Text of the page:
AGGREGATE & QUARRY ASSOCIATION
Quarrying faces a real challenge to replace an ageing workforce in a competitive environment for labour. If you want to make a start on increasing your workforce’s capacity, a great starting point is tapping into the Government’s $5b investment in vocational education. This includes free trade training until the end of next year and is already attracting record numbers of enrolments. There is also a widening number of training options including online and on-the-job models.
The Government accepts new trainees can bring costs until they get up to speed. As a quarry industry employer taking on an apprentice you can receive up to $16,000 for their first year and up to $8,000 for their second year.
Details at www.connected.govt.nz, talk to your local Ministry of Social Development office or call Wayne Scott 021 944 336.
Andrew Schroeder is a convert to online learning, so is ACT Safety which started doing online courses during last year’s Covid lockdown and says it’s proving to be a fantastic tool for their business as well as trainees.
After several years working for Ravensdown, Te Kuiti-based Andrew (28) is one of a group of 14 who in February started doing their B-Grade Certificate of Competency in a virtual classroom run by ACT Safety. The group is drawn from a range of extractives and other sectors including from NZ Steel and Hatuma Lime, as well as some quarries and tunnel projects.
Andrew had a Level 2 basic qualification so met one of the B-Grade criteria – industry experience – but he was nervous about doing his training outside of a classroom.
“I was freaking out a bit. I’ve never been too keen on the online stuff.”
He’s now a convert, helped by ACT Safety’s presenter John Preston, who draws on his own vast industry experience in extractives, to cater for the varying levels of skills around Zoom.
“The ability to help everyone at once is amazing,” says Andrew.
The B-Grade Quarry Manager training is developed around 6 units with 2-3 day block courses, approximately 6 weeks apart.
Andrew says like all block courses, this first required some pre-work, then he and his group had two days back-to-back online to work through two separate unit standards on water control and management before then being tested. Andrew passed both.
As well as the training working well, Andrew loves the fact he doesn’t need to travel. He’s using a spare office at Supreme Lime to do his online courses, rather than at home or at his current worksite, Te Pahu, a lime processing facility he manages near Hamilton.
He acknowledges he’s had strong support from Ravensdown, starting with his then manager at the Supreme lime plant in Te Kuiti (Brian Roche) who hired him even after Andrew told him he eventually wanted his job.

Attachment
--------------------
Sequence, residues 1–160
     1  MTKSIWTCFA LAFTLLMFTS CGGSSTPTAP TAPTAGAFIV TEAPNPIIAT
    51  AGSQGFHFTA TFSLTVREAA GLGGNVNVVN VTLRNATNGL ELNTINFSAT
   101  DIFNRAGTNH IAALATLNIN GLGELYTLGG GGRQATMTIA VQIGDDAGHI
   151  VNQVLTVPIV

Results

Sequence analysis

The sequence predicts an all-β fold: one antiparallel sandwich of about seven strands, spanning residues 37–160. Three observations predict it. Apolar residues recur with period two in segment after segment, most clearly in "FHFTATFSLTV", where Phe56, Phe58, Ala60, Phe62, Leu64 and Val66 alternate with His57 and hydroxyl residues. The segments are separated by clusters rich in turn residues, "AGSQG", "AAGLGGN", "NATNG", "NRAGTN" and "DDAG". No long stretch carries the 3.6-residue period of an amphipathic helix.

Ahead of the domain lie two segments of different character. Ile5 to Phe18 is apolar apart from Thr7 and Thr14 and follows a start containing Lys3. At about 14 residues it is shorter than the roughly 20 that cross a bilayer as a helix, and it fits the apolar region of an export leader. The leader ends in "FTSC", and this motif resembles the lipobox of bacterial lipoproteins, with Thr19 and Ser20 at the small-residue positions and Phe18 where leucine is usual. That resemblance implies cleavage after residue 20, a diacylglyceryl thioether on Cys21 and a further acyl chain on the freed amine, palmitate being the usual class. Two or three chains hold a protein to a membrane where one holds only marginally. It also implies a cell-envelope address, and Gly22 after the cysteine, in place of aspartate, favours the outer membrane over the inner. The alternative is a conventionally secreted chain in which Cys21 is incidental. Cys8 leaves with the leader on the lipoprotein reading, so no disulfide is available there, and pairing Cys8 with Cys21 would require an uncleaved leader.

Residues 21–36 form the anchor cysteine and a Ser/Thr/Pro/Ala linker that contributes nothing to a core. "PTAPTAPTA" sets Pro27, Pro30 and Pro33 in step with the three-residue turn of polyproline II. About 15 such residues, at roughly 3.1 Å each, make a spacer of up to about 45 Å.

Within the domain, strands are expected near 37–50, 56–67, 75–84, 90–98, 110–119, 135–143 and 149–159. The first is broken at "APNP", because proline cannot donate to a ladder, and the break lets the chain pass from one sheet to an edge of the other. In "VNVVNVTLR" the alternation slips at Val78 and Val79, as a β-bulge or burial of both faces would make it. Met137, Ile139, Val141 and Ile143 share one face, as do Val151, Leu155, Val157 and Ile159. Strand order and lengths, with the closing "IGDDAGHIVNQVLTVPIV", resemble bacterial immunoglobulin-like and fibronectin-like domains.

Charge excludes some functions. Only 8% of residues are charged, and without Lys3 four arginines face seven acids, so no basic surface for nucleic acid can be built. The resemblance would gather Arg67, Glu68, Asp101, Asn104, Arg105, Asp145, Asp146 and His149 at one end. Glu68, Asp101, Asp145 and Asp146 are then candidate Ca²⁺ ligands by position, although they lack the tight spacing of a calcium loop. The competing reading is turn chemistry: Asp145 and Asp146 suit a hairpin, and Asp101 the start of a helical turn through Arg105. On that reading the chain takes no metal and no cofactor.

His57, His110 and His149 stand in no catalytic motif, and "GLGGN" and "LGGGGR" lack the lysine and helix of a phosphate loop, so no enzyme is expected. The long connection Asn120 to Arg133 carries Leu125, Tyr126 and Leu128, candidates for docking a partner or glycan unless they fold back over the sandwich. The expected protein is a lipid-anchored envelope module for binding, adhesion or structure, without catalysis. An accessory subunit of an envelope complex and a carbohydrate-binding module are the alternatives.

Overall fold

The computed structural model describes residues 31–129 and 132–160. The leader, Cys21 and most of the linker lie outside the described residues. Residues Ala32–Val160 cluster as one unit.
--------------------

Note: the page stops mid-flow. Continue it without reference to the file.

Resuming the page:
“I’ve definitely been tested and tried a few times and made to work for it. Help is always just a phone call away.”
More latterly, Andrew has been supported – naturally online – by Kelly Rautenbach, Ravensdown’s Environmental Management Advisor who is Canterbury-based.
Ravensdown had also offered to pay for the training when it was first suggested; however, all trade training is now free under the Government’s package of measures designed to combat Covid-19’s impacts.
ACT Safety Business Manager Irene Volschenk says it began online training during last year’s national Covid lockdown after the extractive sector’s industry training organisation MITO asked if a couple of courses could be done this way.
“It worked really well. It’s a fantastic tool and we’ve kept on doing it.’’
Online courses are now running for; A-Grade CoC and B-Grade Tunnel CoC, as well as the current course Andrew is completing, with another B-Grade CoC starting in May. In total, ACT Safety has been engaged in training 779 people since the first Covid lockdown, of whom 737 have already completed their full A-Grade or B-Grade courses.
“It’s bringing in a younger generation,’’ says Irene. “It also helps us as a small company because we save on the travel time and costs.”
Previously, ACT Safety ran courses in Auckland, New Plymouth and Dunedin. There’s still some demand for face-to-face learning, with Dunedin-based trainer travelling to Oamaru to run B-Grade CoC training for Road Metals.
MITO is the industry training body. You can find details on MITO’s website about how to get the right training
to get into the industry and about Certificates of Competence training.
To find out more about Industry training, head to MITO.
Members are able to see more on technical in the members only section.
ABOUT QUARRYING IN NEW ZEALAND
Aggregates are the most consumed bulk product in the world after water. New Zealand uses 9-10 tonnes of aggregate every year for each adult and child.
To build an average house, you need about 250 tonnes of aggregate - for use in concrete, asphalt, mortar and building products.
The quarry industry is committed to working alongside local communities and follows stringent planning, environmental and operating conditions.